Back to Search
How to Search
Yahoo! is the largest subject directory on the Internet and is an excellent site for finding topics that appeal to the general public.
If you can't find it at Yahoo!, try Looksmart - another great directory for locating popular sites.
The Argus Clearinghouse reviews and rates top websites in a variety of academic areas.
At About.com, you'll find a directory with a twist. Each topic area has an assigned "Guide" responsible for writing articles and organizing links on the topic.
Three other useful directories for scholarly research are the...
Librarian index to the internet: http://www.lii.org/
The Internet Public Library: www.ipl.org
Virtual Library: http://www.virtuallibrary.com
Start with "Searchenginewatch.com" at http://searchenginewatch.com/
Searchenginewatch lists and reviews search engines, suggests which search engines cover the largest percentage of web pages available (and if size matters), and offers statistical data on just about every element of searching. The information here can be overwhelming, but its "First Time Visitors" link explains the organization of the whole. Start here for helpful tutorials on "search engine math" and "power searching for everyone."
Next, visit "Allsearchengines.com" at http://www.allsearchengines.com/
This site offers links to all the major search engines, including
AltaVista ...good place to start for looking for images
Google (at www.google.com) is by far the best search engine for most searches. An article in a March edition of Salon magazine (http://www.salon.com/tech/feature/2000/03/24/google_odp/print.html ) explains Google's relationship with the Open Directory Project (mentioned above) and why Google is such an effective search engine:
[Google is] fast and accurate, with an uncanny ability to put the thing you most wanted to find directly under your nose. The technology that makes this happen is equal parts rocket science and peer review. Google's hypertext-based system for ranking search results uses a mathematical algorithm to rate Web sites based on the number of other sites linking to them, then factors in how heavily linked those sites are. The result is a form of objectivity that springs directly from the Internet community, translating its distributed judgments into a quick, precise read of what matters and what you can do without.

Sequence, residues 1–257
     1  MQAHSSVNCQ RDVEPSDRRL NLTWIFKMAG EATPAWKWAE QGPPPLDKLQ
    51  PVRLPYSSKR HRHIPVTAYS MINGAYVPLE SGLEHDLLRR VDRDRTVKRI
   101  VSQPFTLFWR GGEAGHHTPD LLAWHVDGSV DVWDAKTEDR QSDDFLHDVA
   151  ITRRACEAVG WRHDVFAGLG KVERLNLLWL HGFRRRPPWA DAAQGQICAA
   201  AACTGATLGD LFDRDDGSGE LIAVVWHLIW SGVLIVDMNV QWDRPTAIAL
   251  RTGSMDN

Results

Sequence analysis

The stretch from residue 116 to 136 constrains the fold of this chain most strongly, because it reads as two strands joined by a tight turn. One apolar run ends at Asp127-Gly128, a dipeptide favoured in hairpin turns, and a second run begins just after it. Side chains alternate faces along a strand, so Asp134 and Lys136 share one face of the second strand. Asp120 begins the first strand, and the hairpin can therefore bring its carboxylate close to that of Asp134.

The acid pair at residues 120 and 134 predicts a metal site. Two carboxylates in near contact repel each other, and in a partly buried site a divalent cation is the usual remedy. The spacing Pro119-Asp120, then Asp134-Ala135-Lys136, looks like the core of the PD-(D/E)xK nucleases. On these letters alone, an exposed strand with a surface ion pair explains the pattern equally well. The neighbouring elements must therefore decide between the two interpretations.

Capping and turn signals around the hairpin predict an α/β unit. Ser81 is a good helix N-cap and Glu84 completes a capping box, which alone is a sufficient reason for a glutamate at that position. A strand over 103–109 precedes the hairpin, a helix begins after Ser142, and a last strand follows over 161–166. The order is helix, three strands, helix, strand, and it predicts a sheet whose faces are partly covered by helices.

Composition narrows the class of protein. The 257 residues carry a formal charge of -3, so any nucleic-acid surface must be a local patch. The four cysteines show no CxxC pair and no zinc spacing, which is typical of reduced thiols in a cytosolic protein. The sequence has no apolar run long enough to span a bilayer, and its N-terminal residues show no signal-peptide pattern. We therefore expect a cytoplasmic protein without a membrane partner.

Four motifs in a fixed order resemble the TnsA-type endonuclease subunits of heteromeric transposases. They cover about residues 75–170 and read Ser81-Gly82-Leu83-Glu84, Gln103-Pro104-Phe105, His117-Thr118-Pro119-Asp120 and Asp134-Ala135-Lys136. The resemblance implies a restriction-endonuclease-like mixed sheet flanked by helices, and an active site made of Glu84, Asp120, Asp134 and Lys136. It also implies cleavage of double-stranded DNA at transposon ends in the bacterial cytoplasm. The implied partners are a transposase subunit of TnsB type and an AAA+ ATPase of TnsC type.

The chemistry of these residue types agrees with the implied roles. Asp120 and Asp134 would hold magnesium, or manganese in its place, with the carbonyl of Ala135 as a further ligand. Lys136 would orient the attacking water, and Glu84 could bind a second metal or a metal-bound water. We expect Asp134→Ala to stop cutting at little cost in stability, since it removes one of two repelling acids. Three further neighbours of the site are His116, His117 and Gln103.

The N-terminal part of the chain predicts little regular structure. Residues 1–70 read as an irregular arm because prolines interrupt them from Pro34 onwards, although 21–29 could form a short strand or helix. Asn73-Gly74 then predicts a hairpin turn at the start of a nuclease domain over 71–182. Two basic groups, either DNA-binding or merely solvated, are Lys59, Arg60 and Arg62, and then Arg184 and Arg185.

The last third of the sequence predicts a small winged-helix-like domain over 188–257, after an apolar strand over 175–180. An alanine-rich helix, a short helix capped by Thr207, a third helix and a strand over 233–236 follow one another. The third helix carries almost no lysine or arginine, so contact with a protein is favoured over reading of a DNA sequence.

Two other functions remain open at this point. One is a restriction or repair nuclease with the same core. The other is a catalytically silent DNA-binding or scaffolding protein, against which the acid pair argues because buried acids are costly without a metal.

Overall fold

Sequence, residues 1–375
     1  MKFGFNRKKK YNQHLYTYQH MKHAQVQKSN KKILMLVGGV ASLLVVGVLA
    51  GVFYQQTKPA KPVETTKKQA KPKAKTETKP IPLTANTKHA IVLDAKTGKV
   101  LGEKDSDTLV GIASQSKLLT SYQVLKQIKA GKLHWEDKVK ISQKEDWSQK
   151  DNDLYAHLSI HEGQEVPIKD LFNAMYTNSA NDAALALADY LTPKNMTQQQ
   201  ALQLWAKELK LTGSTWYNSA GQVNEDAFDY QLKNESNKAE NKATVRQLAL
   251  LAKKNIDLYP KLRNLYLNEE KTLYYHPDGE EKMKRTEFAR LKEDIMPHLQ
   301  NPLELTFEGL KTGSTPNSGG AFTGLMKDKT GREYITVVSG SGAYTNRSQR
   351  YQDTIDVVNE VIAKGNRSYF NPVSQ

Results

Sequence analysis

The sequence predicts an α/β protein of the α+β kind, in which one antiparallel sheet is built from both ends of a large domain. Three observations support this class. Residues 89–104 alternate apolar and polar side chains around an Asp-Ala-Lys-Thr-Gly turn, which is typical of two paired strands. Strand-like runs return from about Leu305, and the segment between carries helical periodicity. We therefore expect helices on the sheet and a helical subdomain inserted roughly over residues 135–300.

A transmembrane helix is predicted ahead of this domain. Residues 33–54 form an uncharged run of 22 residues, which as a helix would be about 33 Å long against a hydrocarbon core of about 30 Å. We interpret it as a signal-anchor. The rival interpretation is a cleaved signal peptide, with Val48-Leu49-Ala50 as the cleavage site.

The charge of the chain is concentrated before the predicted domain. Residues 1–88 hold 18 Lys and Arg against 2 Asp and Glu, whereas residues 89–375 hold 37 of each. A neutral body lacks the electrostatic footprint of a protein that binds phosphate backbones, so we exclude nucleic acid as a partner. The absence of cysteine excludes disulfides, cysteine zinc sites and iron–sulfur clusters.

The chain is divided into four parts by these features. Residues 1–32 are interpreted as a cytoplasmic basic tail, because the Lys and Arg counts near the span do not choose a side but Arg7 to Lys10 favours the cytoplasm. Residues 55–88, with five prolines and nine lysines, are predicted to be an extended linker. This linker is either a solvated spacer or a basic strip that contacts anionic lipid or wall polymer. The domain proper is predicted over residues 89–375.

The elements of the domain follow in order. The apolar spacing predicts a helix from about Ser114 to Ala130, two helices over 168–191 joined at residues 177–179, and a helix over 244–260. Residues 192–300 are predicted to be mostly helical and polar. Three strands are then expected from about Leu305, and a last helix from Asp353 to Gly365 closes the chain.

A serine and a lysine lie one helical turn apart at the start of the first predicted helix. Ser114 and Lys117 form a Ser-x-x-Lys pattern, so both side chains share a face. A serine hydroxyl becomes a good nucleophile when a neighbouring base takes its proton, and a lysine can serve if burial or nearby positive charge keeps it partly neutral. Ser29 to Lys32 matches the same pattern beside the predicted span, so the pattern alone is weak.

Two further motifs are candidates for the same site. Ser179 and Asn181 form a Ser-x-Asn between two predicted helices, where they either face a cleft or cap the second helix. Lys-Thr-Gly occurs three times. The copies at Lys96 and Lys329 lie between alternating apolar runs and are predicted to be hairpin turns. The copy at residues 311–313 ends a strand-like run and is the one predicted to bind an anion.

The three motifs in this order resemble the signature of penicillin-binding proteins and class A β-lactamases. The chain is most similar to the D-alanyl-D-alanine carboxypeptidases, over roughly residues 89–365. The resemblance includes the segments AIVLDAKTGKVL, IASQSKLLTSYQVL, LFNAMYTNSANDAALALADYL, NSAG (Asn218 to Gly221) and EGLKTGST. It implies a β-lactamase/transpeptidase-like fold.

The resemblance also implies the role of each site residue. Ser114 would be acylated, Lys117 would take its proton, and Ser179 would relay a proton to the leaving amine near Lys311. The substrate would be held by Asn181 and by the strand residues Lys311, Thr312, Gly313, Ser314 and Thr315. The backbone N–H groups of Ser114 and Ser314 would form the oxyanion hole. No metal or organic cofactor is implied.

On July 5th, Yahoo! announced a partnership with Google, making it the deault search engine for the internet's most popular site. See the article at http://www.searchenginewatch.com/sereport/00/07-yahoo.html for details.
Dogpile searches 14 search engines and subject directories as well as newsgroups, business news, and newswires. Dogpile supports full Boolean logic and phrase searching.
C4 displays results from 16 search engines, subject directories, and specialty databases. Use full Boolean logic and phrase searching.
At MetaCrawler, submit queries to 9 search engines and subject directories. Use implied Boolean logic (+/-) and phrase searching.
ProFusion searches 9 engines and subject directories. ProFusion allows full Boolean logic, but operators (AND, OR, AND NOT) must be in ALL CAPS. Change the Search mode drop-down menu to Boolean.
Other Resources/Handouts Like This One
A great place to start is this web presentation titled "Finding Quality Information on the Web"; it lists all the important sites that explain web searching (as I have started to do here): http://www.iona.edu/faculty/afranco/iima/webliog.htm
One site called "Finding and Evaluating Information" (http://www.unc.edu/cit/tips/eval.html) is part of UNC-Chapel Hill's Center for Instructional Technology (http://www.unc.edu/cit/)
This tutorial on finding information on the web, created by hardworking librarians at U.C. Berkeley, is perfect for beginners: http://www.lib.berkeley.edu/TeachingLib/Guides/Internet/FindInfo.html
The best meta-site on searching the web is available through Google at http://directory.google.com/Top/Computers/Internet/WWW/Searching_the_Web/Help_and_Tutorials/